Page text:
It is a silent Sunday morning in my new flat; only the birds outside to tell me the world is awake. In many other places, it’s Mother’s Day, but here in London, that day happened in March. Naomi and Aidan and I happened to be in the same place together, and we went out to breakfast with two of Naomi’s friends, quietly celebrating. This morning, this non-Mother’s Day, I have been watching the sun stream through the windows of our new living room, over the contours of our old furniture, finally arrived, and I am having a mother’s day anyway. There are two of Aidan’s friends asleep in our newly-arrived beds upstairs. Tonight there will be a birthday dinner for another two of them; I baked the cake last night. I’m now mothering a pack of these young adult men in cities far from home, even as I miss my beautiful girl in a town across an ocean from me. Somehow this mothering urge, which has been with me from the days when I marvelled at the disappearing milk in the play bottles of my dolls, doesn’t seem to wear off through time. But, like everything else, it changes.
On my way home from the gym Thursday, I was walking down rain-slicked sidewalks and saw a small boy on a scooter coming towards me. He held up his hand and called “high five!” to the man in front of me. Big hand slapped against small hand; I figured they knew each other. Soon, though, he was next to me and “high five!” again and his hand held up to mine. I slapped it too, warm and soft, and heard his delighted little-boy voice call out to the man jogging behind him, “Daddy that’s twelve!”
I thought, there are moments that remind me of how fiercely beautiful this world is. The rain was beautiful. The streets were beautiful. The father jogging after his boy on a scooter was beautiful. And that small warm hand in mine, touching just for an instant, was the ultimate in beauty—love for strangers, love for children, love for play–all wrapped up in the soft slap of palm on palm.
And then I put my keys in my new door, fumbled with the unfamiliar lock, and walked in to find four skateboards stacked outside my study door. This sight alone makes my heart sing; Aidan has friends over. There, in our empty living room, were four man-boys sprawled out on the floor, two of them playing chess, the other two lazing around, sort of watching, sort of talking about other things—life, literature, gossip, art. I passed by them as nonchalantly as I could manage, but it was all I could do not to stop and envelop them all in a hug. Here is the boy from the scooter suddenly grown. Here are the new games, the new world of these young men, who skate through London’s streets, drink double espressos in coffee shops, and return home to lie on the floor (did I mention we had no furniture in at all), strong and solid in their friendships, curious and opinionated and hopeful and worried about the world they are inheriting. Time passes in an instant in moments like these, the little boy on the scooter blending in to the lanky boy on the floor.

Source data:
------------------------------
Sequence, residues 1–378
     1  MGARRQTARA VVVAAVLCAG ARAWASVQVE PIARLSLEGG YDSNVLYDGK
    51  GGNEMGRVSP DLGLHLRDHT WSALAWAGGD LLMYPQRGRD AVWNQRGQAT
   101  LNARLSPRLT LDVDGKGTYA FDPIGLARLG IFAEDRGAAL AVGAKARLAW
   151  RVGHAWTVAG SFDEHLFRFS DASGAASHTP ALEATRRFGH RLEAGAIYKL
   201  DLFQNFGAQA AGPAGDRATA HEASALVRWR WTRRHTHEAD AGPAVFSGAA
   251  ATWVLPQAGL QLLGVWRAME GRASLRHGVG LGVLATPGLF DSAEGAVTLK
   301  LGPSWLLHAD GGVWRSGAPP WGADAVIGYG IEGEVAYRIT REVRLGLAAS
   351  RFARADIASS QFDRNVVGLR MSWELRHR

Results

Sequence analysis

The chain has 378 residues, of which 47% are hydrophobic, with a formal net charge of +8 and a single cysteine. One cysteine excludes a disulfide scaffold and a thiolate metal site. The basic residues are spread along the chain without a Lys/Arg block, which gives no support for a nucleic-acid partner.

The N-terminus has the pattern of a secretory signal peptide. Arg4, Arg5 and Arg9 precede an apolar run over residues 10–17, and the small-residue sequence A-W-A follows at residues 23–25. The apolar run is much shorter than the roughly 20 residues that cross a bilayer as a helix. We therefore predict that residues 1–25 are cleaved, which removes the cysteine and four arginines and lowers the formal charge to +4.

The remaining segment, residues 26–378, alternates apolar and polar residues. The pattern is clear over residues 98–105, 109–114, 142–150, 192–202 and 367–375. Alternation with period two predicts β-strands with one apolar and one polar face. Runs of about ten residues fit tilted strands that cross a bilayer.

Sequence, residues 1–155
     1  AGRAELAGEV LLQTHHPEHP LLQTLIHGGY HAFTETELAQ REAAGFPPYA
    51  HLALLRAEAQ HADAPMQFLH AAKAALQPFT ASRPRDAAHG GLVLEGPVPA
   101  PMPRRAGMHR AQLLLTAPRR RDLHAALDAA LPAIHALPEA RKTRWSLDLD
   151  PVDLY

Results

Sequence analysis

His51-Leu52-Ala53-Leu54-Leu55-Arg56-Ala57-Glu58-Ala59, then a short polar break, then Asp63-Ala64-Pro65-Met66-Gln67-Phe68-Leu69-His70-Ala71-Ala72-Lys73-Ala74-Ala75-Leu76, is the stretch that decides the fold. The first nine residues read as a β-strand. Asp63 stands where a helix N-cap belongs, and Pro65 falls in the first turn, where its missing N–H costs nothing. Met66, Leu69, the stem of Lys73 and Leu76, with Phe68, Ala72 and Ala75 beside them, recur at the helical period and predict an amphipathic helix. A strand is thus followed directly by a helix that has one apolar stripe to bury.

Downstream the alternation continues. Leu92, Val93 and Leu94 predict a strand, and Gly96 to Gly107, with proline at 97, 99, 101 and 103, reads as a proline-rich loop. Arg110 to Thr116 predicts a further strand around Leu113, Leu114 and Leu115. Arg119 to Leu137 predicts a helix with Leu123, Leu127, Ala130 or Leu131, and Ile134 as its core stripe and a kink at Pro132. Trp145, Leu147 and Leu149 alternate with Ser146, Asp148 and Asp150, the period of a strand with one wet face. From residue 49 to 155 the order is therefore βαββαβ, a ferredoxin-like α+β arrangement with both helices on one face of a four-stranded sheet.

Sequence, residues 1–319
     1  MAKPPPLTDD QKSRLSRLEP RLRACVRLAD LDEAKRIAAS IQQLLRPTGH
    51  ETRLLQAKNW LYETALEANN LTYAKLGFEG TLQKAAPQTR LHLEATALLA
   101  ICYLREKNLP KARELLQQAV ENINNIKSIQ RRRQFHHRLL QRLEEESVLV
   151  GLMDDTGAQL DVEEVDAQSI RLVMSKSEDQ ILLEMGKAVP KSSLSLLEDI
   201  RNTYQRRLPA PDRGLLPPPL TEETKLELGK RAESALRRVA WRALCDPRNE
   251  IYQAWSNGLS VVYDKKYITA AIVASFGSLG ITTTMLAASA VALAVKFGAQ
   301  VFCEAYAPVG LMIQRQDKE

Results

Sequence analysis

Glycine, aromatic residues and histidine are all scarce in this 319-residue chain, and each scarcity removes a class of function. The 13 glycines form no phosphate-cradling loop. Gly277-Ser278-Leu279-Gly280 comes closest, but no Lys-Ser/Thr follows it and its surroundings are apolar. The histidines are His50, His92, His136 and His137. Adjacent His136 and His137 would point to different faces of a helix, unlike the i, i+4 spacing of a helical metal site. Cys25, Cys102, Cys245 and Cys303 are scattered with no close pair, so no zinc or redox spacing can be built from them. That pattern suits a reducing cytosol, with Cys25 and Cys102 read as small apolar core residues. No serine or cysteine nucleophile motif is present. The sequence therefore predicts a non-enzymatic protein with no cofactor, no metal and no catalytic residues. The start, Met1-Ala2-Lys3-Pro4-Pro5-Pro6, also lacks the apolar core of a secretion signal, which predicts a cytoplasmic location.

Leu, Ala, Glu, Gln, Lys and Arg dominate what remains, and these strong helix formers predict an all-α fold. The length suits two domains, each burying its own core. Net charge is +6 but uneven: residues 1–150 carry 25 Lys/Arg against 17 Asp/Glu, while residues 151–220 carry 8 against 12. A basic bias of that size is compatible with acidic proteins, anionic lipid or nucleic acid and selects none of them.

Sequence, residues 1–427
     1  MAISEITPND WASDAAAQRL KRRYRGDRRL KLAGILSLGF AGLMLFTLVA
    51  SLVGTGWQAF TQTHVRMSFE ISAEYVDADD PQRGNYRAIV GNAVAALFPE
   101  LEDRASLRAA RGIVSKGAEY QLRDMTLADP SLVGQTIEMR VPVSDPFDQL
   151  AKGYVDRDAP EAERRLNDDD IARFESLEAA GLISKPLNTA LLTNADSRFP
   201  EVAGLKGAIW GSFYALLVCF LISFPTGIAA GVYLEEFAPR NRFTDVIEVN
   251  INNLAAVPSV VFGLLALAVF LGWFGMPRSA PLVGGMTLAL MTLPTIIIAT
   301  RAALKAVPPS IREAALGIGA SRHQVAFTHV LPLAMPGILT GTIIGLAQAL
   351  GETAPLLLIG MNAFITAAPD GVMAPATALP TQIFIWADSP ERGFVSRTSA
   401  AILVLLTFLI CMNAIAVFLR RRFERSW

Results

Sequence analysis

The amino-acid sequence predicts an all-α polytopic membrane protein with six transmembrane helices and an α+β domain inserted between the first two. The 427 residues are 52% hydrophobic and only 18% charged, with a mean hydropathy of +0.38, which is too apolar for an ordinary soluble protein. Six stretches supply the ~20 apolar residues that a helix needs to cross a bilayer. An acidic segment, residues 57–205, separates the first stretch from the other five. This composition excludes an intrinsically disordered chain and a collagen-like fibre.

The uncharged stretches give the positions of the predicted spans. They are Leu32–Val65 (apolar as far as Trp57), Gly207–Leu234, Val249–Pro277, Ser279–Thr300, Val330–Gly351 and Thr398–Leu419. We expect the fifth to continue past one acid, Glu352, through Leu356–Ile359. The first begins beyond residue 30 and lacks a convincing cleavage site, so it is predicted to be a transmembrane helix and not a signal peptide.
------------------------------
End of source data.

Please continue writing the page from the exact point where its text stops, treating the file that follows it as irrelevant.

And here I am, the mother, changing places, slipping from phase to phase without fanfare, without always noticing what has happened until it’s behind me. I see pregnant women on the Tube, their “Baby on Board” buttons in the famous London Underground logo, and I offer them my seat, the small courtesy afforded to people currently engaged in creating other human beings. I remember those days, the flutter of movement inside me, the wonder of it, the difficulties of it, and for me, always the questions: What will this child be like? What will I be like as a mother? What does the future hold for us? I stand for those women on the Tube so that they can get a moments reprieve from the weight of their futures, all question marks as far as the eye can see.
And for me, now there are answers. There was a girl baby and then nearly four years later, a boy. I have loved them with an intensity I didn’t know was even possible. I have been surprised that the love increases with time, even as they require less from me. Behind me are the days when strangers rise for me on the subway. Behind me are the struggles getting strollers up city steps. I no longer jog after bikes or scooters or hold small warm hands as we cross the street. I wish I could go back and reassure myself that the difficulties and worries about my young children were for naught. She will outgrow her stubborn ways, and her intensity will be the cornerstone of her success. He will move away from video games and into chess, but his skateboard will stack with friends for nearly a decade, perhaps more.
Of course, this is still the middle of the story (I hope I hope the middle). There are still so many questions a mother holds. Will these amazing young adults find their way to happiness, to love, to a life of meaning and purpose? Will she wear a Baby on Board button? Will he carry a stroller up city steps? Will I live long enough to hold those babies, to watch a new generation blossom?
I sit outside a coffee shop in the cold spring morning. A grandmother and her young adult granddaughter walk past, the relationship unmistakable in the shapes of their faces, the young woman waving her hands, the old woman watching intently. In a moment, I am in the old woman’s place, generations between the Baby on Board and this conversation, and also somehow only a blink, a heartbeat, a life time.
This is what it means to be a mother—whether we have children or not, whether we are women or not. To wonder and worry about the future, to shape the world for the thriving of others. Mothering is about holding small possibilities in our hands until they can run ahead without us. Each of us humans is minuscule, each of our lives a matter of decades we can count on our two hands (if we are lucky). But each of us can be pregnant with the possibilities of the future, and each of us can be in love with the blossoming of whatever comes next. Happy mother’s day to us all.